Bombay to Bloomsbury: The Guardian [London (UK)] (19 February 2005), 13 (Kathryn Hughes); London Review of Books 27/5 (3 March 2005), 12−13 (Rosemary Hill); Irish Times [Dublin] (5 March 2005), 11 (Robert O’Byrne); The Independent [London (UK)] (11 March 2005), 25 (Peter Parker); TLS 5339 (29 July 2005), 22 (Sarah Curtis); Victorian Studies 48/1(Autumn 2005), 195−7 (Philippa Levine); Cambridge Quarterly 34/4 (2005), 392−7 (Trev Broughton); Australasian Victorian Studies Journal 11 (2005), 170−3 (Kay Ferres); Choice 43/6 (February 2006), 1079 (H. L. Smith); The American Historical Review 111/1 (February 2006), 257−8 (Elizabeth Buettner); Journal of British Studies 45/2 (April 2006), 459−61 (Julie Anne Taddeo); European Legacy 11/5 (August 2006), 589−90 (Peter Stansky); Journal of Interdisciplinary History 37/2 (Autumn 2006), 281−3 (Michelle E. Tusan); History Workshop Journal 64 (Autumn 2007), 445−54 (Santanu Das); The International History Review 30/1 (March 2008): 143−4 (Paul Addison).

Biography and History: Choice 48/7 (March 2011), 1350 (K. Gedge); Biography 34/2 (Spring 2011), 329−31 (Jeremy D. Popkin).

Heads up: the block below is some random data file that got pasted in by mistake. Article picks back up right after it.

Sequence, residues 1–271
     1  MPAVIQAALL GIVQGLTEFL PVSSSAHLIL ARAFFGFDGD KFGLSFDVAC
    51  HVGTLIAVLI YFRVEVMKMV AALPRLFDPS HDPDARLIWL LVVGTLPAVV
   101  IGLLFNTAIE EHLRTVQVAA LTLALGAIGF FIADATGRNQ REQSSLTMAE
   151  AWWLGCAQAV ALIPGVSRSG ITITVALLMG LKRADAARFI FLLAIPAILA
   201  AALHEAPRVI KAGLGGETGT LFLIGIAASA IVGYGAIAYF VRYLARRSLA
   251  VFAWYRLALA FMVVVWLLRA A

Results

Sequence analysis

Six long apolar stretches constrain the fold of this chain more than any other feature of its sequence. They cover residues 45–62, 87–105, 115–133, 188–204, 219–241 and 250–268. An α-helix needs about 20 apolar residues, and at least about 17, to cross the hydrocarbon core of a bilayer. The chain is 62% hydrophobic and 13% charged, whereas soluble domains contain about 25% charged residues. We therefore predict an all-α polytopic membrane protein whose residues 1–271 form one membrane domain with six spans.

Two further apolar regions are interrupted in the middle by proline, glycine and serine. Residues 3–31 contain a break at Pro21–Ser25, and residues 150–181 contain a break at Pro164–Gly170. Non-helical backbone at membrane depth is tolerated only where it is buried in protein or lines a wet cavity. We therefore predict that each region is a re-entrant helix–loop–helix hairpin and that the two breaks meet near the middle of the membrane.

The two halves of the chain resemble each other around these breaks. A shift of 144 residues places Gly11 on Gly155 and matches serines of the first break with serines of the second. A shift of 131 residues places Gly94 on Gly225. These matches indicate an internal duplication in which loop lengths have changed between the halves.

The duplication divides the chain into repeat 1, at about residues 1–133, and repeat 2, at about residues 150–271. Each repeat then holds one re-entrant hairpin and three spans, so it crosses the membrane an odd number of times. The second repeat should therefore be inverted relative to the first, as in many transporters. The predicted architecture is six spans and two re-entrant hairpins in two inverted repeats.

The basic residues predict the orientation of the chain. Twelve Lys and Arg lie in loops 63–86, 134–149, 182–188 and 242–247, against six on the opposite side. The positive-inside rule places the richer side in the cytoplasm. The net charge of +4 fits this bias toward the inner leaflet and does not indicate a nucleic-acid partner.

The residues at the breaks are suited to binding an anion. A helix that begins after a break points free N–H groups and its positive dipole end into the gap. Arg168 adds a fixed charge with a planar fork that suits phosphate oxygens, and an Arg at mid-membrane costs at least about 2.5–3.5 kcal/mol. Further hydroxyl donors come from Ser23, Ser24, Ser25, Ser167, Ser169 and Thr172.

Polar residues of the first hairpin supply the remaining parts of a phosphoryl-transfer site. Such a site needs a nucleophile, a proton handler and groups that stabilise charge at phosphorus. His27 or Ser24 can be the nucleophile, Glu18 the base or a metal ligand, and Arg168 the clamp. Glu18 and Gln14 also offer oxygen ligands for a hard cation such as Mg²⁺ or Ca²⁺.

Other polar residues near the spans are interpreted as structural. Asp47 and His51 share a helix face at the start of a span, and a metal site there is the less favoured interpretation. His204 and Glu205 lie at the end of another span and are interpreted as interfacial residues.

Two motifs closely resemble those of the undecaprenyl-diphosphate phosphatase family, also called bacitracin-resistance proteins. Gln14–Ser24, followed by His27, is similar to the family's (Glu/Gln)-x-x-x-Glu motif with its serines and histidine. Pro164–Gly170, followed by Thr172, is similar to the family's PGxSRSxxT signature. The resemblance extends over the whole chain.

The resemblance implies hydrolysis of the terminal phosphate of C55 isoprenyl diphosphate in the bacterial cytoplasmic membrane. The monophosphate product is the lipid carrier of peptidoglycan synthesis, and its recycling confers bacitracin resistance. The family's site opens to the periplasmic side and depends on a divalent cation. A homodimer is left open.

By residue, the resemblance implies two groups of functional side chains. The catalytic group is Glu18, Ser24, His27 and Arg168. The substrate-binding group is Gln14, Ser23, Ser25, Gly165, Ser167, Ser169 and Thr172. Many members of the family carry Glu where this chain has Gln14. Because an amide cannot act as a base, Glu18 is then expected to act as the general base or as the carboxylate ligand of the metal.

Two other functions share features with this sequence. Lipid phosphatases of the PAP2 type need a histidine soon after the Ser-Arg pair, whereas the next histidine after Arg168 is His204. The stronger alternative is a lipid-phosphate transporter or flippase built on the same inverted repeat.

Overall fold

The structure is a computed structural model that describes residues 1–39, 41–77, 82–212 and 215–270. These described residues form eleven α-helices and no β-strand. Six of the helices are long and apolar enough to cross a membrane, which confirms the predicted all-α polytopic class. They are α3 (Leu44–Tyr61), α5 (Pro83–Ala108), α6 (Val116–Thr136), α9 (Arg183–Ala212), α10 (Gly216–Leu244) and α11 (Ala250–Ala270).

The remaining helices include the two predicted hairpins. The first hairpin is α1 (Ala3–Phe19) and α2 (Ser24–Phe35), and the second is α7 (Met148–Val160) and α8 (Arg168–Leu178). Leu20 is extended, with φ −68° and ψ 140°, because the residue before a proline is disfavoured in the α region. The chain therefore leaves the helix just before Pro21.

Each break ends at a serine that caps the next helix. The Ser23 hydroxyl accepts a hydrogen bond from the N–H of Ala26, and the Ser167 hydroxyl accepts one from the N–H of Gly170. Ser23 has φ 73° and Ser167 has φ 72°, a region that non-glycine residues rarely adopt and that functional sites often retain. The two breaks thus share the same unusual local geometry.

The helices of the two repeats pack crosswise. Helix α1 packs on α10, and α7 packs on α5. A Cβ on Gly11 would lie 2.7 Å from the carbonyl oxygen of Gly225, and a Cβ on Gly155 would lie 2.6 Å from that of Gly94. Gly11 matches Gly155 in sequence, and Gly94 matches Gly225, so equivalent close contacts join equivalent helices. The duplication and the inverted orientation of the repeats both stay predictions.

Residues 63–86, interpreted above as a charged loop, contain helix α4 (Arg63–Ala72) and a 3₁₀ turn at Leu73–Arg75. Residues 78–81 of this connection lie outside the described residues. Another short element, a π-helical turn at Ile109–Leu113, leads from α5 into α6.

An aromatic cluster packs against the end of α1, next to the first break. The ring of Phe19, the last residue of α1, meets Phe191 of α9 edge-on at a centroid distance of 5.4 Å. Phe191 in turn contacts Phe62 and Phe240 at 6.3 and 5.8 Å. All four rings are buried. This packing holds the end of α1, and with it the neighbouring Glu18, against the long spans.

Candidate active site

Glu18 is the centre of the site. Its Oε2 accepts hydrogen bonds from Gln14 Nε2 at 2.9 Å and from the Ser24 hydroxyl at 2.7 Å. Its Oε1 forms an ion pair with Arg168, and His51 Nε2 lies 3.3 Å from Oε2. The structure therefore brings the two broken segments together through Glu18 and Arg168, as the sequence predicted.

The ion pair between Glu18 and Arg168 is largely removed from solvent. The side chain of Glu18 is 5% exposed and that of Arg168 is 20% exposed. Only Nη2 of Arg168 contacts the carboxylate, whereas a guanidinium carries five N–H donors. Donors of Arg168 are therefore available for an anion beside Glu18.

English Feminism, 1780-1980 (New York: Oxford University Press, 1997), xvii, 336 pp.; Gendering European History: 1780-1920 (London, New York: Leicester University Press 2000) (with Glenda Sluga), 203pp.

Completed in the early months of her appointment at Monash, Caine’s English Feminism grew out of Caine’s long experience of teaching women’s history at the University of Sydney (where she established the first Women’s Studies Centre in Australia), and began as a series of lectures and seminar courses. In the preface to the book, Caine dates her interest in the history of feminism to the early 1970s when, as a postgraduate student in Britain, ‘the advent of the women’s liberation movement made me aware of the complete neglect of women in my own historical training and research’ (p. vii). Her teaching made her further aware of the absence, in an otherwise rich literature of ‘wonderful, specific, and detailed studies dealing with particular periods or problems or issues in the history of feminism’, of works which explore this history over an extended period or across different periods.